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Dinoflagellate Akashiwo sanguinea was identified as the source of the substance that fouled the feathers of birds. credit R. Kudela.
The yellow-green staining of feathers was typical of birds affected by the red tide event. credit R. Kudela.
SANTA CRUZ, California -- In late 2007, hundreds of dead and stranded seabirds washed up on the shores of Monterey Bay, their feathers saturated with water and coated with an unknown substance. After an intensive investigation, scientists determined that a massive "red tide" bloom of marine algae had produced a foamy soap-like substance that stripped the natural waterproofing from the birds' feathers.
This is the first documented case of its kind, but similar events may have gone undetected in the past, the researchers reported in a paper to be published in the online journal PLoS ONE on Monday, February 23.
"The problems we traditionally associate with harmful algal blooms are caused by toxins produced by the algae. In this case, it was a surfactant that removed the water-repellent properties of the feathers," said Raphael Kudela, professor of ocean sciences at the University of California, Santa Cruz, and corresponding author of the paper.
Although this red tide bloom was nontoxic, it was very harmful to the affected birds, which included grebes, loons, northern fulmars, and surf scoters. Live birds found stranded on beaches around Monterey Bay were starving and severely hypothermic, having lost the insulation normally provided by their waterproof plumage. A total of 550 birds were stranded alive and 207 were found dead during this event.
Kudela teamed up with researchers from the California Department of Fish and Game (CDFG), Monterey Bay Aquarium Research Institute (MBARI), and Moss Landing Marine Laboratories (MLML)--all members of the Central and Northern California Ocean Observing System (CeNCOOS)--to investigate the mass stranding, which occurred at the same time as the Cosco Busan oil spill in San Francisco Bay and an ongoing controversy over aerial spraying on the Central Coast to control the light brown apple moth.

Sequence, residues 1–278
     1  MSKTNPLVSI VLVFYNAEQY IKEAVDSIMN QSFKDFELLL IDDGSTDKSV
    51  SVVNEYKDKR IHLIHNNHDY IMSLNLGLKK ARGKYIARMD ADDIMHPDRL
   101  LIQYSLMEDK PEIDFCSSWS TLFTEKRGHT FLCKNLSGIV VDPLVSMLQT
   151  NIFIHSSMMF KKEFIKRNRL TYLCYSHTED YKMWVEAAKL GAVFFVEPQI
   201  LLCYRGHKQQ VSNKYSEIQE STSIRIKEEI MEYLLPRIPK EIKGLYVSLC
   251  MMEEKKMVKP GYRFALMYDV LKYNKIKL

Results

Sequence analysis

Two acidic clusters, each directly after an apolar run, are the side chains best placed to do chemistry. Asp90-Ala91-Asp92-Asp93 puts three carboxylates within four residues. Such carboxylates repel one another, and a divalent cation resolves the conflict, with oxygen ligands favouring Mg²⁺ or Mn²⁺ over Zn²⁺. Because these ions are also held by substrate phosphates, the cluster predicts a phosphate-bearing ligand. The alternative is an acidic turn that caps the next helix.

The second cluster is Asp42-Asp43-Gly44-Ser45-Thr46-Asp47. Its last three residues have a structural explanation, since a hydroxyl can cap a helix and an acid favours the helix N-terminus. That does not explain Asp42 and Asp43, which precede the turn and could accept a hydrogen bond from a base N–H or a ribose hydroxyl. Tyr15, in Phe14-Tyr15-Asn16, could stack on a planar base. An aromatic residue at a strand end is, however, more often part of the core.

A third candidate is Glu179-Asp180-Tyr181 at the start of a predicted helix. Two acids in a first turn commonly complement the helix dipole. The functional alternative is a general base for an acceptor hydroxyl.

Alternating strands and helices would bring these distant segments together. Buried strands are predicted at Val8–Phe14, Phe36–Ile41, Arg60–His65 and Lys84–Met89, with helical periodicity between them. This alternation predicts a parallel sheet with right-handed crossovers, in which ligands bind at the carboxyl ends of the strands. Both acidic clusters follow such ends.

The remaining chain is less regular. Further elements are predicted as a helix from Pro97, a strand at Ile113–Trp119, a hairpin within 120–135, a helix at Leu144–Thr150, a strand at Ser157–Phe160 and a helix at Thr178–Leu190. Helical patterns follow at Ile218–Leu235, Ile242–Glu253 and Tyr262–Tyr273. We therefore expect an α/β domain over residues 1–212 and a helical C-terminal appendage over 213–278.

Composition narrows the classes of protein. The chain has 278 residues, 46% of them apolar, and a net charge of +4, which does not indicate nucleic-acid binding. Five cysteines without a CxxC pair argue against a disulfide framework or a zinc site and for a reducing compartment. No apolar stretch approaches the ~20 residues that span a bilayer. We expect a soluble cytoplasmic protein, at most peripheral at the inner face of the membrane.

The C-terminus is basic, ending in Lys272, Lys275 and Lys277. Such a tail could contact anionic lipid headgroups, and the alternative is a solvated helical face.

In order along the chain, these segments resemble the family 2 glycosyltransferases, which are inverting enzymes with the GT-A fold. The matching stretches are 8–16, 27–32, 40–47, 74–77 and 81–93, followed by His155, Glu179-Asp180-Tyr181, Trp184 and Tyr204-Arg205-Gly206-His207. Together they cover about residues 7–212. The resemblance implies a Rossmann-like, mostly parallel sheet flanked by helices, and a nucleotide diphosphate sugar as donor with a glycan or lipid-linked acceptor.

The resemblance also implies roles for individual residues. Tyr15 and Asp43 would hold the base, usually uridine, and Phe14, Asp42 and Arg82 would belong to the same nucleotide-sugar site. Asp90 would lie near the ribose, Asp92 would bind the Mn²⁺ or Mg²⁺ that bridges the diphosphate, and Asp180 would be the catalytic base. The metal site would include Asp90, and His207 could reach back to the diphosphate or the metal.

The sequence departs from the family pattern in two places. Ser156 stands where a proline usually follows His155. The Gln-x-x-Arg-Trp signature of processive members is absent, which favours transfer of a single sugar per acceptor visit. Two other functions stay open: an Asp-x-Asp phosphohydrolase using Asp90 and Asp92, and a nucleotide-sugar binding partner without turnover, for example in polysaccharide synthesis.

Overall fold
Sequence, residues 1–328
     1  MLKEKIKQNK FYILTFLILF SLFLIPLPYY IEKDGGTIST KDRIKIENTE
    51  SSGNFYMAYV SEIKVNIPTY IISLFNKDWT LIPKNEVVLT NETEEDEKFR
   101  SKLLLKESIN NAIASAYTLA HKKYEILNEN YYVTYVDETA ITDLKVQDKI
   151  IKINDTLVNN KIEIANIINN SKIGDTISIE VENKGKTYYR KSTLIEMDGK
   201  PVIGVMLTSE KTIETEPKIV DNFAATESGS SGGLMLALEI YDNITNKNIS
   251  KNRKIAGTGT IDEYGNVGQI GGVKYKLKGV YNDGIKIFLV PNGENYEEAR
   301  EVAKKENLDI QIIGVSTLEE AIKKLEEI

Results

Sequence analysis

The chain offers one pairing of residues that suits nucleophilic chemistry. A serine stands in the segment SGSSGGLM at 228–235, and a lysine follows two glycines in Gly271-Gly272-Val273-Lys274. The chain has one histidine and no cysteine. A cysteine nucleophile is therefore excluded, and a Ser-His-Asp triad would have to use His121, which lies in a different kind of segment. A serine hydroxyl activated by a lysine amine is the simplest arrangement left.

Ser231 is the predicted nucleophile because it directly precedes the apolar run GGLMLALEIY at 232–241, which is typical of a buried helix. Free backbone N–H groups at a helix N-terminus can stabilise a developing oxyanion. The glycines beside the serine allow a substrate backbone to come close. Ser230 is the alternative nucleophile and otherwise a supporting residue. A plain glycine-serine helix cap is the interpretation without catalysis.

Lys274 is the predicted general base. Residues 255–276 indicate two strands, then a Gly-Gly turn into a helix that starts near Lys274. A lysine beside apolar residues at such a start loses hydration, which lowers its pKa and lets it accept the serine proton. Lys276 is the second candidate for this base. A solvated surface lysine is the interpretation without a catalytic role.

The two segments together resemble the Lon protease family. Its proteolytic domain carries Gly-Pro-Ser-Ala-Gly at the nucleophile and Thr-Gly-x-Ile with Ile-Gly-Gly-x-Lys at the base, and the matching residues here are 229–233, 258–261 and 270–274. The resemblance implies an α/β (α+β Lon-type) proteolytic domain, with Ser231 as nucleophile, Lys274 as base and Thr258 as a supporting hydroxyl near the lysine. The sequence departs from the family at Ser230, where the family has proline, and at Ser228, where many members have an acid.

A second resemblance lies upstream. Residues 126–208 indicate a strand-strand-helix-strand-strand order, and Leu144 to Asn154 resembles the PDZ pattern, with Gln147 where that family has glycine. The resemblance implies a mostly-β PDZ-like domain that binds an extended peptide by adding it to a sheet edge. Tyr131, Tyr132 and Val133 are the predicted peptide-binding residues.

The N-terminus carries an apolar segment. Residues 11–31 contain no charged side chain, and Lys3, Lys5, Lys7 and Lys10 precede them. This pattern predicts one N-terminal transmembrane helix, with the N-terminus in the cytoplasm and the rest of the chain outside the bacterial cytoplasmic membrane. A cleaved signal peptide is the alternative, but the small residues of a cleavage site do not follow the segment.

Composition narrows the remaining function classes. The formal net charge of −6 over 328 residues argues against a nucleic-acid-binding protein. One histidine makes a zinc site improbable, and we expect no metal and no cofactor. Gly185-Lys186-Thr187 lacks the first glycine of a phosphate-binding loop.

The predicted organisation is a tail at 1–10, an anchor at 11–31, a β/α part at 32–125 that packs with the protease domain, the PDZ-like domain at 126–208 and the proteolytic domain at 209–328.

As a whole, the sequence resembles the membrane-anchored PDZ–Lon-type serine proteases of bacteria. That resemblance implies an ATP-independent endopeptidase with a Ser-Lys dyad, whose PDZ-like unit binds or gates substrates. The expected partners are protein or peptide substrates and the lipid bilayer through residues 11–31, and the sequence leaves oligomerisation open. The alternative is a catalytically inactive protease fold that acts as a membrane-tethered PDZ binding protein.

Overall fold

"There were a lot of questions at the time about whether the stranding was related to those events, and we were able to eliminate those possibilities," Kudela said.
The dominant species in the red tide was a type of dinoflagellate known by the scientific name Akashiwo sanguinea, which has caused red tides in the past without harmful effects on wildlife. Kudela said the problems in 2007 resulted from the unusual combination of a large red tide late in the year, when large numbers of migrating birds had arrived in the area, plus big waves that churned up the water.
An algal protein produced the slimy foam that fouled the birds' feathers. Its effects were similar to those of soap and other surfactants that are used in detergents to dissolve grease. Wave action contributed to the problem by breaking up the cells of dying algae and churning the dissolved protein into the thick foam that was seen along the shoreline and floating on the surface of the water.
"We grew the algae in the lab, and when we shook it up it produced the same foam," Kudela said. "The waves act like a blender, churning up the cells and the protein."
These kinds of events may occur more often in the future, he said. The researchers noted that the frequency, size, and duration of red tides have increased substantially within Monterey Bay since 2004, and similar increases are occurring elsewhere in the world. These changes are probably due in part to the effects of climate change on surface water temperatures, Kudela said.
"Starting in 2004, we have had big red tides with greater frequency than in the past," he said. "Although 2007 was the first time we saw an impact on birds, the conditions are there for the same thing to happen the next time we have that combination of red tide, birds, and big storm waves."
The authors of the PLoS ONE paper include David Jessup and Melissa Miller at the CDFG Marine Wildlife Veterinary Care and Research Center in Santa Cruz; John Ryan and Heather Kerkering at MBARI; Hannah Nevins at CDFG and MLML; Abdou Mekebri and David Crane at the CDFG Water Pollution Control Laboratory; and Kudela and Tyler Johnson at UCSC.